By Catherine Anne Seal, CELA, CAP
There are two different interest groups both working toward guardianship reform, guardianship professionals and family advocates.
Guardianship reform is not a new issue in the United States. In the later half of the 20th century, a series of articles published by the Associated Press led to a call for reform of the adult guardianship system.1 This was one of the impetuses for the first guardianship reform conference, the Wingspread Conference held in 1988, and delegates representing the National Academy of Elder Law Attorneys participated in that conference. The conference was a meeting of 38 guardianship professionals who adopted a number of recommendations for improvement of the guardianship process. The conference was followed by the Wingspan Conference in 2001 and the Third National Guardianship Summit in 2011. NAELA participated in each of the conferences. Each conference produced a series of recommendations.
Since the National Guardianship Summit in Salt Lake City, Utah, in October 2011, many of the recommendations have been incorporated into revisions to the National Guardianship Association’s professional standards and the National College of Probate Judges Probate Court Standards. The Uniform Law Commission is currently working on a revision of the Uniform Adult Guardianship and Protective Proceedings Jurisdiction Act,2 which will also incorporate the recommendations into the Act.
These reform efforts have been led by guardianship professionals seeking to improve the system they know and understand. But these are not the only reform efforts. Various groups of individuals who are not guardianship professionals also seek to change the system. Among the most notable of these efforts is legislation proposed by Catherine Falk3 for the rights of family and friends for visitation with persons under guardianship. Ms. Falk and various interest groups have advocated for legislation that was introduced in many state legislatures in the 2016 legislative cycle. The legislation4 seeks to limit the ability of court-appointed guardians to restrict access by family and friends to persons under guardianship. To date, the act has passed in Utah and Tennessee.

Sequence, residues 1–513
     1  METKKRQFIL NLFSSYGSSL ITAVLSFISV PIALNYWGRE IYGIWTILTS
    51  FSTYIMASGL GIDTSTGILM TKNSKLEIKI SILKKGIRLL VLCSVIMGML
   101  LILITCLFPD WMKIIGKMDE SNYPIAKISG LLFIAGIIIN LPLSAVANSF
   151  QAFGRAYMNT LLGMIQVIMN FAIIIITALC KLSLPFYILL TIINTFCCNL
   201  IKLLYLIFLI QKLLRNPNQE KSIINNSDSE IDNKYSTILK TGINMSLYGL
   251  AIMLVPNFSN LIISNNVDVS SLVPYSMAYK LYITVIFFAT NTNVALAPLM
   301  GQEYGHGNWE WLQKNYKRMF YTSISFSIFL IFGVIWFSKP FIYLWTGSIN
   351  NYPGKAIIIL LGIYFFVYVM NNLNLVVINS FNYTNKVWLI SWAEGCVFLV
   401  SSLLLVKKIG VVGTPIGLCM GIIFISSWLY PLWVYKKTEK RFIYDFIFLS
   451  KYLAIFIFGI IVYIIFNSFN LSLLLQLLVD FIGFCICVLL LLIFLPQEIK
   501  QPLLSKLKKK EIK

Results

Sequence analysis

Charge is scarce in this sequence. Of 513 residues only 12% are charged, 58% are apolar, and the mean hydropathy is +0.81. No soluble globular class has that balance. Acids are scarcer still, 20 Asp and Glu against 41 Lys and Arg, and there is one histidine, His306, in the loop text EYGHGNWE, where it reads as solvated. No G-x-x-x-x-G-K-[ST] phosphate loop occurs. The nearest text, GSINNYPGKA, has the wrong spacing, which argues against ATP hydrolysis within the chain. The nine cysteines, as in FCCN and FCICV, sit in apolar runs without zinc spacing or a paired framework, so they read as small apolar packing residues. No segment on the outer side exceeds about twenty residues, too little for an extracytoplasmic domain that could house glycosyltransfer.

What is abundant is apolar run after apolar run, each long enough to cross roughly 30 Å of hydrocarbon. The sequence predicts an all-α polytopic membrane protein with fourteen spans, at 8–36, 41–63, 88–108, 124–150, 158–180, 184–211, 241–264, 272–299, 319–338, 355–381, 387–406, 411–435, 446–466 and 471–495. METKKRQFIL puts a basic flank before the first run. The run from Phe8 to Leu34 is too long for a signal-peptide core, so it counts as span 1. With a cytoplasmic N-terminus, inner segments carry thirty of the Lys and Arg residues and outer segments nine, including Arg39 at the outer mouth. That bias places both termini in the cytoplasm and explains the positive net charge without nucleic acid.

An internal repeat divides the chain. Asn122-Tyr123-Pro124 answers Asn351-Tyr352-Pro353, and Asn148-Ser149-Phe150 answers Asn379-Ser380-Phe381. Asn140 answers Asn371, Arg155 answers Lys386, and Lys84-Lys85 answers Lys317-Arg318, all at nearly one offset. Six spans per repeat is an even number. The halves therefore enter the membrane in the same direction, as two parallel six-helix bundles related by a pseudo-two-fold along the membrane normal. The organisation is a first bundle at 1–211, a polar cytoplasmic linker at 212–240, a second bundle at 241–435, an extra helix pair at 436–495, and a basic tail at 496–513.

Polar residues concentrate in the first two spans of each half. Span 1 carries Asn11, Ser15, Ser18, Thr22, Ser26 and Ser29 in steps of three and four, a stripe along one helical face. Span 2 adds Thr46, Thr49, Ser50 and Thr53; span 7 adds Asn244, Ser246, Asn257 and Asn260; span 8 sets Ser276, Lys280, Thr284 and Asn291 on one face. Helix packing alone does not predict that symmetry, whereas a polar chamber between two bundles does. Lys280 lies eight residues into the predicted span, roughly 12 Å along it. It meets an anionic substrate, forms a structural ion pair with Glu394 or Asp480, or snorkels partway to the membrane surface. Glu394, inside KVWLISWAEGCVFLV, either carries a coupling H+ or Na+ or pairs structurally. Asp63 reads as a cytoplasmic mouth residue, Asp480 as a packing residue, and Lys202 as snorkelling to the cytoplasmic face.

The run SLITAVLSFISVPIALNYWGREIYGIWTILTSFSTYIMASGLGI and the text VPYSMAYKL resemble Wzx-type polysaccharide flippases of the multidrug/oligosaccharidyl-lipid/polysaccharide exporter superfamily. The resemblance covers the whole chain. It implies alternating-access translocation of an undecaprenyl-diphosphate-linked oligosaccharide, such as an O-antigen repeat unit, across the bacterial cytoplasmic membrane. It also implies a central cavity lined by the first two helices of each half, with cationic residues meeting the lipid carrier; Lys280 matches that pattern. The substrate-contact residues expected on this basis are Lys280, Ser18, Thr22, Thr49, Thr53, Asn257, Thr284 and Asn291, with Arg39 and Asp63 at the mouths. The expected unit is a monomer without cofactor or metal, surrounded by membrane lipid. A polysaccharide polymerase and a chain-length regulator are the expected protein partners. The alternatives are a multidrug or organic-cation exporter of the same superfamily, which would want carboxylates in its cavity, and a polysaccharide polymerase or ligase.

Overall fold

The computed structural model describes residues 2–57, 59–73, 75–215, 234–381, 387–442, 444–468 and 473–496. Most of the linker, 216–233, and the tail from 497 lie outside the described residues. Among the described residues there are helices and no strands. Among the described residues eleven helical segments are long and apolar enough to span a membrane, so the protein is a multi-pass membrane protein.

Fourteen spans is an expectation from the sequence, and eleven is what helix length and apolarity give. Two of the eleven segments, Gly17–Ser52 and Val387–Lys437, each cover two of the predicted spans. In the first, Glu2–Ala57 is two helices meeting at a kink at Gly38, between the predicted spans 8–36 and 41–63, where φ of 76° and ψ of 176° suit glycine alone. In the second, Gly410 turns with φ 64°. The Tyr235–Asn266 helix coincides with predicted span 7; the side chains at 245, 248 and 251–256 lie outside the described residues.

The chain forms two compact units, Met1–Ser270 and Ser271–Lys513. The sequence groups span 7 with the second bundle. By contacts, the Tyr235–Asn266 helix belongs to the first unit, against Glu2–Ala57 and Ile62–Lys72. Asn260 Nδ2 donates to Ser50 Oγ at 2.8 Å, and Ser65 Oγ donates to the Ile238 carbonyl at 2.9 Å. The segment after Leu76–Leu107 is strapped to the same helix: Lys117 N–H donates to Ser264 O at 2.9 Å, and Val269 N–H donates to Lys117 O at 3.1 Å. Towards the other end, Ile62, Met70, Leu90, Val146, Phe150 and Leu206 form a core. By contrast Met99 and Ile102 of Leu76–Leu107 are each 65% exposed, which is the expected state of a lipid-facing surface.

A criticism of the proposed legislation is that the language of the various bills focuses on the rights of family and friends as opposed to rights of the person under guardianship. However, proponents of the act have many supporters who claim that they were denied access to the person under guardianship by a court-appointed guardian.
In Florida, the state legislature enacted legislation5 permitting the state to exert regulatory authority over professional guardians. The impetus for this legislation was a series of articles by the Palm Beach Post entitled “Guardianship: A Broken Trust,”6 which highlighted concerns about professional guardians, including the conduct of the wife of a Palm Beach County Circuit Court judge who was serving as a professional guardian and was obtaining payment as a guardian without court approval of her fees. The legislation creates an Office of Public and Professional Guardians and calls for creation of standard practices and rules for professional guardians. The statute also gives the office the ability to revoke a guardian’s registration for cause.